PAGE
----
As far as side effects, an allergy to ginger usually results in a rash. Some people experience nausea, bloating, heartburn or intestinal gas, but this usually happens with ginger in powdered form. People with gallbladder issues, irritable bowel syndrome, ulcers or a history of stomach problems should be cautious about ingesting regular doses of fresh ginger. Consult a doctor before beginning any new health regimen, especially when taking prescription drugs.

Some people favor icy and refreshing over spicy heat. Another Christmas favorite, peppermint, is for them. Out of the approximate 25 species of mint, true peppermint (Menthe piperita) is a hybrid of two other mints, water mint and spearmint. Its roots, so to speak, go back to ancient cultures where there is evidence of mint in Egyptian tombs from 1000 B.C.

Greek mythology explains the origin of mint with a love triangle. Hades, god of the Underworld, was showing Minthe, a nymph, some extra attention. Persephone, Hades' wife, put an end to that by turning Minthe into a plant on which people would always be walking. Angered and saddened, Hades one-upped his wife by making the plant fragrant peppermint so that when people did walk or brush against the plant, its scent would be released from the oils in its leaves, and people would always remember Minthe's beauty and charm.

The herb has traditionally represented hospitality. The Romans often grew mint on walkways, so that guests would have the fresh scent greeting them. Greeks rubbed mint leaves on dining tables for the same reason. Offering guests mint tea is a way of welcoming friends to the home in the Middle East. Unlike warm-weather ginger, mint is grown throughout the world in all different climates.

While the leaves are edible and freshen salads, drinks and breath, it is really the oil in the leaves where the active ingredients are concentrated, and that is usually what is harvested. The first recognized commercial mint cultivation began in England in 1750 when a new hybrid was developed.

In the United States, the first settlers brought mint with them, and the Native Americans had already been using it for centuries. In 1790, a commercial mint operation began in Massachusetts. In 1846, the Americans came up with a distilling process to extract the oils which much improved the quality of the product over the centuries-old boiling process. The U.S. now supplies 75 percent of the world's peppermint oil, most of it grown in the Pacific Northwest.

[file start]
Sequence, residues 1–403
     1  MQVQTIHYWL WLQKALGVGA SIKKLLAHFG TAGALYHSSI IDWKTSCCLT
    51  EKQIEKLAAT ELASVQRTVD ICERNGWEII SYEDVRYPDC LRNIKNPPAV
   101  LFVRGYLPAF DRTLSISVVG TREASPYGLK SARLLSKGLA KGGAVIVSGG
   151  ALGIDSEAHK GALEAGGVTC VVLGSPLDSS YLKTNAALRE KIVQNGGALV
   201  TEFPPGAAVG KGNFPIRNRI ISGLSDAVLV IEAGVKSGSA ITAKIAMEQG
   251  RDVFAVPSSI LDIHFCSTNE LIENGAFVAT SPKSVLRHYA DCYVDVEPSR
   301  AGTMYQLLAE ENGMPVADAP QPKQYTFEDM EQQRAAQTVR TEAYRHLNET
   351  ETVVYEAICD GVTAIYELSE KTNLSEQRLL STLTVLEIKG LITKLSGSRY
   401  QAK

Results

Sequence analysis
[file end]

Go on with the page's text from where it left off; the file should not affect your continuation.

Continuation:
As different as ginger and peppermint are, their effects on the body are similar. Mint, too, is a traditional remedy for intestinal gas, bloating, IBS and colonic spasms. The oil contains a mild muscle relaxer, and menthol seems to be a component in this treatment, also.

In animal studies, a phytonutrient called Perillyl alcohol has shown much promise in combating cancer cells. Research indicates that this element can stop the growth of pancreatic, liver and breast tumors and protect the colon, skin and lungs from the formation of cancer cells. No human tests have been completed in this research as of yet.

Peppermint contains rosmarinic acid, an anti-oxidant that fights free radicals and also blocks the formation of inflammatory substances. This acid enhances the production of prostacyclins, substances that keep airways open enabling breathing. This is significant for asthma sufferers.

In addition to anti-microbial properties that block and fight bacteria and fungus, peppermint is a good source for several nutrients: manganese, Vitamin C, Vitamin A (carotenoids that fight cancer, in this case colon tumor cells), folate, iron, magnesium, Vitamin B2 and omega-3 acids.

As usual, fresh mint is always better than dried. When using in recipes, peppermint oil and peppermint extract are two different ingredients. Peppermint oil is much more concentrated and is the product of distillation. Peppermint extract is a blend of peppermint oil and, generally, alcohol that is less expensive and not as strong.

Peppermint is also considered "safe" in normal quantities, even on a regular basis. Women who are pregnant or nursing and those taking medications should check with a doctor if planning on taking it for medicinal reasons. Though rare, reactions to peppermint could include heartburn, headaches, flushing or mouth sores.

While this information is not considered license to dive into a gingerbread house or develop a steady diet of candy canes and peppermint patties, sipping either of these herbs in tea or other foods on a regular basis could provide benefits to the body that will last throughout the year.